Permaul looks to make his mark
DHAKA, BANGLADESH - The left-arm spinner from Guyana has two huge acts to follow after leg-spin bowling compatriot Devendra Bishoo and current West Indies team-mate, off-spinner Sunil Narine both created such big impressions, they were voted the ICC Emerging Player-of-the-Year in the last two editions of the ICC Awards.
Permaul said he recognised that he will be judged by his performances and this was his motivation.
“First of all, I want to get into the final 11, and from there, see how things work for me and perform to the best of my ability,” he told WICB Media on Friday.
“I do not really feel any pressure because of what Bishoo and Narine have done. At the end of the day, performance counts, so all I have to do is grab my opportunity, go out there and perform.”
Permaul has played 45 first-class matches since his debut five years ago, snaring 152 wickets at 24.59 apiece.
The 23-year-old led the West Indies A-Team to a memorable victory against India-A earlier this year in the Caribbean and visited Bangladesh last month with the Sagicor West Indies High Performance Centre, where he collected 21 wickets in all three formats of the game and was a constant threat with the ball.
“I have been waiting a long time for this opportunity to get into the West Indies senior team,” he said.
“It has now come and I think it is the perfect opportunity, since I came to Bangladesh a month ago [with the Sagicor WIHPC] and so I am coming back knowing the conditions and what to expect.
“I think it is a privilege to be in this team to be around players like Chris Gayle and some of the other senior players. As a young player, I think I need to look at how they go about doing things and learn quickly.”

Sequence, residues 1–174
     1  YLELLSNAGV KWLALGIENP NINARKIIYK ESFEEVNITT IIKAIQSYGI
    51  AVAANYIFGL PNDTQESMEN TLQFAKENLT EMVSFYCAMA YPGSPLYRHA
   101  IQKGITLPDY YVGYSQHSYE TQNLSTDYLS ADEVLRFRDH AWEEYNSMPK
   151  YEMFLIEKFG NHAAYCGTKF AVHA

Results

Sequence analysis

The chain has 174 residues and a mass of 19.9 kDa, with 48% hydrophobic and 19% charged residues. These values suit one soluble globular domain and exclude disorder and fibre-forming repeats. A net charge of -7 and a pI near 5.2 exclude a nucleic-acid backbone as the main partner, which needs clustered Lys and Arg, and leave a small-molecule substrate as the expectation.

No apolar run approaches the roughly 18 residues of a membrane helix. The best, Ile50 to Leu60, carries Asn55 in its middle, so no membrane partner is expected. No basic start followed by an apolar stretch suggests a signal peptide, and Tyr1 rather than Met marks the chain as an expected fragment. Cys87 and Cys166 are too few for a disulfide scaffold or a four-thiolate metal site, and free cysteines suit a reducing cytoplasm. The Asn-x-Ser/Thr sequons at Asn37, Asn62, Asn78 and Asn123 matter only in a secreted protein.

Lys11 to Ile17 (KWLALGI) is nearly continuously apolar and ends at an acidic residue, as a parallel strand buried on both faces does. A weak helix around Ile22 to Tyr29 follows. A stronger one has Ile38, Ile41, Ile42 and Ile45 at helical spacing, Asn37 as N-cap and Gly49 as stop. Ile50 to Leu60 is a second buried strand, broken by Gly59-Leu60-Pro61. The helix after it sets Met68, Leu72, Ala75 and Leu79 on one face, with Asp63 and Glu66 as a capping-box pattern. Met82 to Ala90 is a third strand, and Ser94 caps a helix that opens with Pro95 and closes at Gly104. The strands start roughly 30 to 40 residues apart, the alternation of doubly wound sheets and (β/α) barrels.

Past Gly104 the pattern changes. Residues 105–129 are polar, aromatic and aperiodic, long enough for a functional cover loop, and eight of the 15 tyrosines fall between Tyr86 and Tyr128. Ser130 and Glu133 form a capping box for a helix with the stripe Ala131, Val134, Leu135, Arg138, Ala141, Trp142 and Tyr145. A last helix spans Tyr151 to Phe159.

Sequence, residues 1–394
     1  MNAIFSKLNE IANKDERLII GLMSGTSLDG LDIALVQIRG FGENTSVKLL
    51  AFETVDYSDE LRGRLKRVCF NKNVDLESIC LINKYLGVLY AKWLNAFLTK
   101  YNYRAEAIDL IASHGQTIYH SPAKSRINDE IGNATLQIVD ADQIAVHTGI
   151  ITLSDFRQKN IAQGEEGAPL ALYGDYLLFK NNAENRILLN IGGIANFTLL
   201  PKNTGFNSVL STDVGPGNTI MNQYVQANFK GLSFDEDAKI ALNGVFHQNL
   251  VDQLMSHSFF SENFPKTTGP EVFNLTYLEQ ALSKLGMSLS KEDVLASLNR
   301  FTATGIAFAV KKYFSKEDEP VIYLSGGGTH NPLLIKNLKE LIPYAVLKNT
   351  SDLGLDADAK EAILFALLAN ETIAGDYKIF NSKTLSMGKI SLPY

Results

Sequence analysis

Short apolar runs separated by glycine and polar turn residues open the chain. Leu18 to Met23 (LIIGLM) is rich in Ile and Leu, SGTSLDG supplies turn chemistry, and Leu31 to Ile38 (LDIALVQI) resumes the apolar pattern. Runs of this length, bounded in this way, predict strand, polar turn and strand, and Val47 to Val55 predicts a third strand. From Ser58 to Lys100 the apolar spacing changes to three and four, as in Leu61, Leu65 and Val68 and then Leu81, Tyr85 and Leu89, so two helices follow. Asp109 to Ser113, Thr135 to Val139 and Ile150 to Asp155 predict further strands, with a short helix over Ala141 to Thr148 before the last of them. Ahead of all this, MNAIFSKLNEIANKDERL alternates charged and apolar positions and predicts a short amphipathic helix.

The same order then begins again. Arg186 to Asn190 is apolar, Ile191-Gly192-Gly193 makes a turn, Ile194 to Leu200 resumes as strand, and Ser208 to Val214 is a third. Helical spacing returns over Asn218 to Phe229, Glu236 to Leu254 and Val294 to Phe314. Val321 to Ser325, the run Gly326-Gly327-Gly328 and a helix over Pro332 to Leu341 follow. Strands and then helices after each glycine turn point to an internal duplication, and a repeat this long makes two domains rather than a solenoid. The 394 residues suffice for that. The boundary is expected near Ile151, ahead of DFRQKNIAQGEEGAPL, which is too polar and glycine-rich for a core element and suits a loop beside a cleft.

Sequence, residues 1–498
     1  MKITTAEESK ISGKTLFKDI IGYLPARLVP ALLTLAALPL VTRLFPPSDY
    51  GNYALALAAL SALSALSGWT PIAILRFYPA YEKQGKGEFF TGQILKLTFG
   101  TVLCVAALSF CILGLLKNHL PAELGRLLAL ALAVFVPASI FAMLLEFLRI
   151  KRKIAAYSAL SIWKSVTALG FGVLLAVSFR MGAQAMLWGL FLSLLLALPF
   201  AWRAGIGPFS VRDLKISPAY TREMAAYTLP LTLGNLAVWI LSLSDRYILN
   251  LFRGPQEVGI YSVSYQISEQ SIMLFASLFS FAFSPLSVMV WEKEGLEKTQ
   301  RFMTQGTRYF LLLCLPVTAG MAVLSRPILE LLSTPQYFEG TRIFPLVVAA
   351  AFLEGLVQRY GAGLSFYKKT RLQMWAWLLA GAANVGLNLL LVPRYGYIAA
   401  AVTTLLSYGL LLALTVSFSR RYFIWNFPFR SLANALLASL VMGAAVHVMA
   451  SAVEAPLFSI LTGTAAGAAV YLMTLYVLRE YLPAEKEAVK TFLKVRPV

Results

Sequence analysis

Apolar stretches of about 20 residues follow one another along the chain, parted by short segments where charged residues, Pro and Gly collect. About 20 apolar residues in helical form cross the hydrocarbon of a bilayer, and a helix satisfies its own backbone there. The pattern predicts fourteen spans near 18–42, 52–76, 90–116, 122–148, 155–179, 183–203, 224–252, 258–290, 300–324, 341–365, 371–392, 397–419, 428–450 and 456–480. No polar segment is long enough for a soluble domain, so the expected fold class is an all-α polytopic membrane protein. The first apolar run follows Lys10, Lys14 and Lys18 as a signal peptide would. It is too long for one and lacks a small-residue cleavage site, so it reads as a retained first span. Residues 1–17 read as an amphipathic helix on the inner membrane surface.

Permaul said the trip to Bangladesh last month was not lost on him. He learnt quite a bit from the experience and would look to put it into action, when he is given an opportunity.
“One of the things I learnt was that you have to bowl straight and be consistently in good areas,” he said. “You need to be very patient because the pitches are slow already and if you try to experiment too much, you may lose control and leak runs.
“In the batting, it’s the same thing. You have to be very patient and keep your eyes on the ball, since you can’t play too early because the pitch is too slow.”
Permaul is the latest graduate from the inaugural squad of the Sagicor WIHPC to make the senior West Indies side. He follows Brandon Bess, as well as current team-mate Kieran Powell and fast bowler Shannon Gabriel.
“The Sagicor WIHPC helped me to develop my all-round game,” he said. “It helps to shape you into becoming a complete cricketer – batting, bowling, fielding, in your mental preparation, everything suits a young player going into the programme.”
He said his time spent at the Sagicor WIHPC also helped him to take his batting far more seriously.
“I have been working hard over the last few years on my batting,” he said. “When I was part of the Sagicor WIHPC squad last year, I started working on it. As a bowler, I think batting is very important, so that you can make valuable contributions to the team in the lower order.”
West Indies continued their preparations for the series on Friday with fitness training under the eye of Strength & Conditioning Coach Hector Martinez.
The visitors were due to start a two-day, tour match against a Bangladesh Cricket Board XI on Friday, but the BCB announced that the contest was shelved due to unplayable conditions at the BKSP Ground in Savar, a town about 25 miles north of the Bangladesh capital of Dhaka.
This followed an inspection of the venue by BCB and West Indies management officials early on Thursday, following steady rain over the last week in the country.
The match was originally scheduled to be played over three days from Thursday.
West Indies will use the additional time to get extra practice sessions on Saturday and Sunday ahead of the first Test.
This is West Indies’ third full tour of Bangladesh, following trips in 2002 and last year.